The Havij interface is once again like any other Windows program and all a virgin hacker needs to do is simply copy-and-paste the address of their target website and press a button.
Havij allows you to perform a number of different types of operation including one called a Get, which unsurprisingly gets all the information stored on databases on that particular site which can be usernames, passwords, addresses, email addresses, phone numbers and bank details.
And that's it, within minutes you can search for, download and use a couple of automated tools which will allow you to access websites which are vulnerable to this type of attack. While most high profile companies' websites will be protected from this type of attack, the fact that Sony's website and the personal information of its customers was stolen in a manner similar to this, shows just how vulnerable the web is.
Step 4: If all else fails, DDoS
Hacktivist collective Anonymous changed their tactics in the last 12 months moving away from DDoS as their primary tool for attacking websites, preferring if possible to use SQL Injection instead. However, when this is not possible, they will revert to DDoS attacks, and you can to, with the help of another freely available tool.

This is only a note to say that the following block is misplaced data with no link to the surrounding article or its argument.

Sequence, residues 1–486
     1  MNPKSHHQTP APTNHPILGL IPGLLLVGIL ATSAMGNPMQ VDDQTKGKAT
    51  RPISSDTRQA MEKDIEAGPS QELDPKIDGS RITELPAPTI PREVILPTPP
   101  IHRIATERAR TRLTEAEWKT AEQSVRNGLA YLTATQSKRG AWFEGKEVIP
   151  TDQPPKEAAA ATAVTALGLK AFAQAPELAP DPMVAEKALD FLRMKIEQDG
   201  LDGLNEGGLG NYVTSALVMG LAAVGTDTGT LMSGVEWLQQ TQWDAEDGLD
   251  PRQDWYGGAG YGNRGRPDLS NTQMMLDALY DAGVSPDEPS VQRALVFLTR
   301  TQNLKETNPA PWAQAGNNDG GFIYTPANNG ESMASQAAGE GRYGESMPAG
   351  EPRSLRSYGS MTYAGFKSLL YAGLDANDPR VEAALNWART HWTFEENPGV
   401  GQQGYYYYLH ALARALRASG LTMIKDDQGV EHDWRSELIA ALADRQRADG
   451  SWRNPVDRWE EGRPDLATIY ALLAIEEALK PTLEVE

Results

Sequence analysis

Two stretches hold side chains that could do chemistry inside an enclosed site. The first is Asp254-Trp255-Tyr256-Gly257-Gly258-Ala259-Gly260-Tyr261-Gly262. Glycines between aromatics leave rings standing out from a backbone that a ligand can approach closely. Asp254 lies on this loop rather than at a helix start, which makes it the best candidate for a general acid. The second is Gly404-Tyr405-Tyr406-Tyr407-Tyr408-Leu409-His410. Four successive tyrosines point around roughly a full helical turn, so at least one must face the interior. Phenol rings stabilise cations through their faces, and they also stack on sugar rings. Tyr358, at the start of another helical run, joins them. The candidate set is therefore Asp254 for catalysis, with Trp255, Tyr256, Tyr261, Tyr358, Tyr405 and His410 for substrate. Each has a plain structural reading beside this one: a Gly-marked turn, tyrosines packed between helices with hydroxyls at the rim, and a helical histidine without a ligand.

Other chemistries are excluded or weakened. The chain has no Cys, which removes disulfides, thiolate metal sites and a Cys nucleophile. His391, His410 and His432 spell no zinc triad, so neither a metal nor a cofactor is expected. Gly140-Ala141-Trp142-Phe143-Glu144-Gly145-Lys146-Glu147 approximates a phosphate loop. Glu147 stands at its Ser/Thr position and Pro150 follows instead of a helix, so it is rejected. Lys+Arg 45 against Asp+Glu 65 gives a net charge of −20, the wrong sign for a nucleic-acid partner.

And it turns out that DDoSing a website is no more difficult than carrying out a SQL Injection. The programme used is called Low-Orbit Ion Canon (LOIC) which was developed for web designers to stress test websites, but has been high-jacked by hackers in order to attack websites.
Available as a free download from Source Forge, LOIC employs a very user-friendly interface and all potential hackers need to is type in the URL of the site they want to crash and LOIC will do the rest. What the application will do is send up to 200 requests per second to the site in question.
While most bigger sites might be able to deal with this request without crashing, most websites out there will not, especially if you get together with some other hacking virgins and combine your efforts.
So easy is it to use this technology that you can even control it from your BlackBerry, meaning you can be enjoying a pint in the pub with your friends while carrying out a DDoS attack on a website of your choice.
If our tutorial has not provided you with enough information, there are dozens of other tutorials on various hacker forums around the web and even video tutorials on YouTube which you can watch.
Here endeth the lesson.